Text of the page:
Breaking open Psalm 19:
1.       What is your golden rule?
2.       What is the sweetest thing in the Bible?
3.       How do you live up to those two things?

Second Reading: James 5:13-20

Are any among you suffering? They should pray. Are any cheerful? They should sing songs of praise. Are any among you sick? They should call for the elders of the church and have them pray over them, anointing them with oil in the name of the Lord. The prayer of faith will save the sick, and the Lord will raise them up; and anyone who has committed sins will be forgiven. Therefore,confess your sins to one another, and pray for one another, so that you may be healed. The prayer of the righteous is powerful and effective. Elijah was a human being like us, and he prayed fervently that it might not rain, and for three years and six months it did not rain on the earth. Then he prayed again, and the heaven gave rain and the earth yielded its harvest.

My brothers and sisters, if anyone among you wanders from the truth and is brought back by another, you should know that whoever brings back a sinner from wandering will save the sinner's soul from death and will cover a multitude of sins.

My commentator suggests “The Future of the Wise Community”[2]as a conclusion to the book. We, in the past weeks, have had readings on each of the treatments on wisdom, “Wisdom and Quick Listening”, “Wisdom and Slow Speaking,” and “Wisdom and Slowing Anger”. Now the author wants us to move on from them into life itself. He begins by noting various conditions of life, suffering, cheer, and illness. It is the last of these that offers the injunction to anoint the sick – a practice that has been restored in our churches, and that has great meaning to people. It is a “wisdom” to be aware of those who are ill and to anoint them with prayer and the laying on of hands. What follow is his assertion that prayer is, especially that of the righteous, is powerful and efficacious. 

The ancient practice of the Reception of Sinners on Maundy Thursday is anticipated in James’ final request that we bring back those who have wandered astray. If you are interested in the Sarum practice on Maundy Thursday, please click hereAlso you may be interested in seeing a video of the rite.

Breaking open James:
1.       In what ways are you suffering?
2.       What gives you joy?
3.       What illness besieges you?

The Gospel: St. Mark 9:38-50

John said to Jesus, “Teacher, we saw someone casting out demons in your name, and we tried to stop him, because he was not following us.” But Jesus said, “Do not stop him; for no one who does a deed of power in my name will be able soon afterward to speak evil of me. Whoever is not against us is for us. For truly I tell you, whoever gives you a cup of water to drink because you bear the name of Christ will by no means lose the reward.

“If any of you put a stumbling block before one of these little ones who believe in me, it would be better for you if a great millstone were hung around your neck and you were thrown into the sea. If your hand causes you to stumble, cut it off; it is better for you to enter life maimed than to have two hands and to go to hell, to the unquenchable fire. And if your foot causes you to stumble, cut it off; it is better for you to enter life lame than to have two feet and to be thrown into hell. And if your eye causes you to stumble, tear it out; it is better for you to enter the kingdom of God with one eye than to have two eyes and to be thrown into hell, where their worm never dies, and the fire is never quenched.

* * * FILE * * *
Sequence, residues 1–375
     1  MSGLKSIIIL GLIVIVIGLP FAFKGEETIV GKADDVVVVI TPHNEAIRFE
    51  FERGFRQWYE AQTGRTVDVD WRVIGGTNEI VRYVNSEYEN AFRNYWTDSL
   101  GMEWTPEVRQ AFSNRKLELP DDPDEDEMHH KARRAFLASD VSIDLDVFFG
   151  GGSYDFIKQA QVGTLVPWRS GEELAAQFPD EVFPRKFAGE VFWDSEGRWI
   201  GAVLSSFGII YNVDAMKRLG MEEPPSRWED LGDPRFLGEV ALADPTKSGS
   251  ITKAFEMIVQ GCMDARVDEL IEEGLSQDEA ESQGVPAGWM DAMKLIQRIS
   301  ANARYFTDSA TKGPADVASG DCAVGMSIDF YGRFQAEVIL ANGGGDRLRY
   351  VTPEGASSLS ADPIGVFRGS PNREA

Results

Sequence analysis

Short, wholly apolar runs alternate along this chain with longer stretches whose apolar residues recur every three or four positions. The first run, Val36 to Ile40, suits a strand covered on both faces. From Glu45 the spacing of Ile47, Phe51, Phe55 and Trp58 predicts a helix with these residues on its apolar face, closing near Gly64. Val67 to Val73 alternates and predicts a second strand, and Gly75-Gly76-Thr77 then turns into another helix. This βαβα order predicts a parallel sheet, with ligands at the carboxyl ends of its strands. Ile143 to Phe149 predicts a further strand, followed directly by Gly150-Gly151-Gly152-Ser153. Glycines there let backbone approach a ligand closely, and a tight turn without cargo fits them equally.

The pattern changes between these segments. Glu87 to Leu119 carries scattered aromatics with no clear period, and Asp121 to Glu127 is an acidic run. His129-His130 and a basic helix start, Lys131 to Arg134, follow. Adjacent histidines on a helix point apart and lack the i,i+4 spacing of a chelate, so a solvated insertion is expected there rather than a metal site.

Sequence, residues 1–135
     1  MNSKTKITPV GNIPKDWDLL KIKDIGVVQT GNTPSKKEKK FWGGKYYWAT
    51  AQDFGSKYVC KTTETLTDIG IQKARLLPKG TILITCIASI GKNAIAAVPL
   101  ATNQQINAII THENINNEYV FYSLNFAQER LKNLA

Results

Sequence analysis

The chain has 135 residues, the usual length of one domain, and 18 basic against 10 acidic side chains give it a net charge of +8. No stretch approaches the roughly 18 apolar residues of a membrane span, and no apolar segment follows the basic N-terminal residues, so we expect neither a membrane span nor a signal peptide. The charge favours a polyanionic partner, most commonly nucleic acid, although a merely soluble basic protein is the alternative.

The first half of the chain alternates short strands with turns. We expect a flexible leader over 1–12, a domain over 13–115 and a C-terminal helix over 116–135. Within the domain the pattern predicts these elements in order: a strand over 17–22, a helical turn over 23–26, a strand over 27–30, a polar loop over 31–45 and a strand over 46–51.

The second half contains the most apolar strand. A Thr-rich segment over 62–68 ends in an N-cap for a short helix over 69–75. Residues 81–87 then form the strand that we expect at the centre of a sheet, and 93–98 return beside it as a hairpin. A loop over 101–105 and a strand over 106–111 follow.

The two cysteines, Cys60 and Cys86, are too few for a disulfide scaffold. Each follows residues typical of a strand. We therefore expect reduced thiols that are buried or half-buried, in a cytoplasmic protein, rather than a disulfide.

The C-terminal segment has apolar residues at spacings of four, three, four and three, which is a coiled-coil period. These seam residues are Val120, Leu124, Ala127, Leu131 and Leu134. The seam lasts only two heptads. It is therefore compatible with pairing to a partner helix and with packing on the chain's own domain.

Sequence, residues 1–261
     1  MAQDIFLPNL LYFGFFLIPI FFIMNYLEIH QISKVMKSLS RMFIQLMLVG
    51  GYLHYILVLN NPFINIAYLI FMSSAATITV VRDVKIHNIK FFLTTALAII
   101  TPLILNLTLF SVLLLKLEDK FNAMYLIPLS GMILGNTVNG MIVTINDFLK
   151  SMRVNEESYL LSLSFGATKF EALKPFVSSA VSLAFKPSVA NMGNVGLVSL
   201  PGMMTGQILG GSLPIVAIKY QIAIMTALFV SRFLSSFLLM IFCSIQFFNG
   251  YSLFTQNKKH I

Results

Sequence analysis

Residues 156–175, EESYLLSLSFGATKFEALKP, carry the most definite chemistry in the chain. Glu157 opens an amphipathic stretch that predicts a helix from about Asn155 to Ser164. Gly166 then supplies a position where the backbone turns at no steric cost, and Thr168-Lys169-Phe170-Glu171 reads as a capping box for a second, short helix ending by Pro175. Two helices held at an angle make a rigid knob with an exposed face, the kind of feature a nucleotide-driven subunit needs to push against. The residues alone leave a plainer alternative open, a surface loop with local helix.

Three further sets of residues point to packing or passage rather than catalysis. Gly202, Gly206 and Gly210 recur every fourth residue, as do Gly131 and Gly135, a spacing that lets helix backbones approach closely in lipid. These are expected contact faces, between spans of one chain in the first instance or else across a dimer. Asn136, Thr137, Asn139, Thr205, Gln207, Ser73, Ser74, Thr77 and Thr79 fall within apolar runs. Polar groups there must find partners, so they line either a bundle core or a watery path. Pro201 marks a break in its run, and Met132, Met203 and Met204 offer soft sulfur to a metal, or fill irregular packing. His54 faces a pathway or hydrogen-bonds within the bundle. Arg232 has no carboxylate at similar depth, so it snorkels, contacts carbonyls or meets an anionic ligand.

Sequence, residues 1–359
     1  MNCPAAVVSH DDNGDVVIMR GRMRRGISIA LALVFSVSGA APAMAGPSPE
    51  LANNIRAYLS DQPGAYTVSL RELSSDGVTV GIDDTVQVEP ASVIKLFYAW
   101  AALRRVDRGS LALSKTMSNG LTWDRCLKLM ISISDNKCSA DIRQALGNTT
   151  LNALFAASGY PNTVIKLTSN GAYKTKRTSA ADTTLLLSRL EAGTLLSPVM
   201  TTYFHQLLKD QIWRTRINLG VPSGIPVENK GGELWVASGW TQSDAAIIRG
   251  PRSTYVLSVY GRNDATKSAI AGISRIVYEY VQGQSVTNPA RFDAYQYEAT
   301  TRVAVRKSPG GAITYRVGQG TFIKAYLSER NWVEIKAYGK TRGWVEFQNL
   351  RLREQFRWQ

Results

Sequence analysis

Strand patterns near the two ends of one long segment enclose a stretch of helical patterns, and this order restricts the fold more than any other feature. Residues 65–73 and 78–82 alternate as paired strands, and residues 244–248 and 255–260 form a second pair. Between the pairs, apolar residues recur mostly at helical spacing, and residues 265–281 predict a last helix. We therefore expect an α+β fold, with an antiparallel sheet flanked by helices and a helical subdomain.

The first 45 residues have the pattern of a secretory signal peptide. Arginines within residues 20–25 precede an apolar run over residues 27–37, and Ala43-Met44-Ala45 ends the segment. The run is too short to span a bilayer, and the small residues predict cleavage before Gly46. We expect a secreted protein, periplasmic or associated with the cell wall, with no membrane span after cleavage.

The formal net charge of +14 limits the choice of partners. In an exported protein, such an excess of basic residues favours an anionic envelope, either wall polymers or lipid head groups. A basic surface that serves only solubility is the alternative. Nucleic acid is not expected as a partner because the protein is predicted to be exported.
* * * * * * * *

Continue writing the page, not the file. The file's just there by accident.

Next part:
“For everyone will be salted with fire. Salt is good; but if salt has lost its saltiness, how can you season it? Have salt in yourselves andbe at peace with one another.”

“When he entered the house, his disciples asked him in private, “Why could we not drive it out?[3]

The disciples question earlier in the chapter wonders about authority and the ability to heal, and their confusion is continued later on in the pericope that we have this morning. Their bewilderment mirrors that of the people in the First Reading who question Moses about the people continuing to prophecy in the camp. Moses says, “do not be jealous for my sake.” Jesus moves beyond that to see the completeness of those who follow him, “Whoever is not against us is for us.”The disciples are called to be enablers of those who wish to follow and those who believe. Jesus gives a negative example of those who strive to follow but who make belief impossible. The question is, where do we find the saltiness in people? And if we find it can we taste it and appreciate their appointment. It’s really quite simple, and a lesson that should be learned by Christians of all kinds. “Be at peace with one another.”

Breaking open the Gospel: 
1.       How do you attempt to be last?
2.       In what ways are you like a child?
3.       How do you lift up others?

Starting Point:                      Who is it that speaks in God’s name?

Possibility 1:                         The woman who in courage speaks out (Esther)

Possibility 2:                         Those who are called by God and not recognized by others (Eldad and Medad)

Possibility 3:                         Those who out of need or joy speak in prayer (James)

Possibility 4:                         The salty (Mark)

After breaking open the Word, you might want to pray the Collect for Sunday: 

O God, you declare your almighty power chiefly in showing mercy and pity: Grant us the fullness of your grace, that we, running to obtain your promises, may become partakers of your heavenly treasure; through Jesus Christ our Lord, who lives and reigns with you and the Holy Spirit, one God, for ever and ever. Amen.

Questions and comments copyright © 2018, Michael T. Hiller

[1]        Alter, R. (2007), The Book of Psalms: A Translation with Commentary, W. W. Norton & Company, New York, Kindle Edition, Location 2039.
[2]        Wall, R. (2010), “James” – The New Interpretor’s Bible One-Volume Commentary, Abingdon Press, Nashville, TN, Kindle Edition, location 34597.
[3]        St. Mark 9:28


Popular posts from this blog

The Second Sunday after Pentecost, Proper 5, 6 June 2021

The Day of Pentecost, Whitsunday, 23 May 2021

The Second Sunday of Advent, 6 December 2020